• md devices have a more generous spacing (see illustration on the right)
  • sm and xs devices have a more compact layout (see illustration on the left)
Header text
Content text
Border Radius
  • 2px
“X” icon
Focus behavior

Use the native modal for native mobile apps. The specs in this documentation is for responsive web mobile design.

Scrolling modals

When the content exceeds the height of the viewport, the modal will become scrollable. The scrolling behavior differs depending on the scenarios:

  • Modal with actions: Sticky buttons (with exceptions specified below under “responsive behavior”)
  • Modal without actions: Page scroll
Scroll Bar
  • Default scroll bar by browser
  • If possible, make the scroll bar visible even when user is not scrolling
Focus Behavior
  • For sticky buttons, the scrollable area must be focusable and scrollable via the keyboard
Responsive Behavior
  • The sticky header/footer should be disabled and a standard page scroll used if the viewport height is 400px or less

Modal with buttons

Modal without buttons (Desktop)

Modal without buttons (Mobile)

Buttons are responsive

  • md and up: Default (fixed padding)
  • sm & xs: Expanded (filling up the full width of the container)

Buttons stack up when they don’t fit

Button labels should be as concise as possible - one or two words. However, in the case where multiple buttons just can’t fit in one row on a narrow device, they will stack up by default.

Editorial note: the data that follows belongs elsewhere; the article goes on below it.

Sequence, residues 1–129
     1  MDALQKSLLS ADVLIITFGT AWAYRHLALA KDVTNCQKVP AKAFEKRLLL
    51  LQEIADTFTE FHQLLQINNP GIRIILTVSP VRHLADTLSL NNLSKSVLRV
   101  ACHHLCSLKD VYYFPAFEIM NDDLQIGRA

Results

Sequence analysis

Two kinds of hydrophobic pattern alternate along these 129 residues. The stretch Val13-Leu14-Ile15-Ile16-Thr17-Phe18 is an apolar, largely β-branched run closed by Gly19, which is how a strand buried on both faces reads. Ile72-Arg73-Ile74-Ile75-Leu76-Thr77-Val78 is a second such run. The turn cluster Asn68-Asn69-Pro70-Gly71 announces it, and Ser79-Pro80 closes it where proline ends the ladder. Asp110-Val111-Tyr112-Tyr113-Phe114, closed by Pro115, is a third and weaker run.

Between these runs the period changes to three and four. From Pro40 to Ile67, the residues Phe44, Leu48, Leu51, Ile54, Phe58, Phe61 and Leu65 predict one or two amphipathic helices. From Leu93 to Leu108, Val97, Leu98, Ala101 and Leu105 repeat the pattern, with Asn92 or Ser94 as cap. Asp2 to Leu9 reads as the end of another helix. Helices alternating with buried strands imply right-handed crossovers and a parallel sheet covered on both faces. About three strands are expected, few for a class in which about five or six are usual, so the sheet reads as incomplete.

Linda Tsai

  • ADDED: Clarification around scrolling configuration


Linda Tsai

  • REFINED: Content to make it more clear and concise
  • CHANGED: The minimum margin on the top and bottom of the modal to be 20px
  • FIXED: Broken links


  • FIXED: Scrolling behavior of modal actions on a vertically constrained or zoomed in screen
  • CHANGED: Organization of usage guidelines


  • UPDATED: UI copy in the example images
  • ADDED: Link to redlines per feature
  • UPDATED: The button style in the video example


  • UPDATED: Dependencies (version number and links)
  • UPDATED: Images showing mockups at mobile size to have a gray (#f5f5f5) background color


  • CHANGED: Button style to match Buttons v2.2.1 (Blue buttons)
  • CHANGED: Touch target for the “X” icon from 36x36px to 44x44px to meet accessibility standard
  • CHANGED: Margin from auto to specific values (60/20/20 for different breakpoints)
  • UPDATED: Button placement by moving the default button “Cancel” from the far left of the modal to the right. Note that it is still on the left relatively to the primary button.


  • Re-skinned with the latest styles
  • ADDED: Sticky buttons for long content


  • FIXED: Responsive image button bar and sizing.


Initial version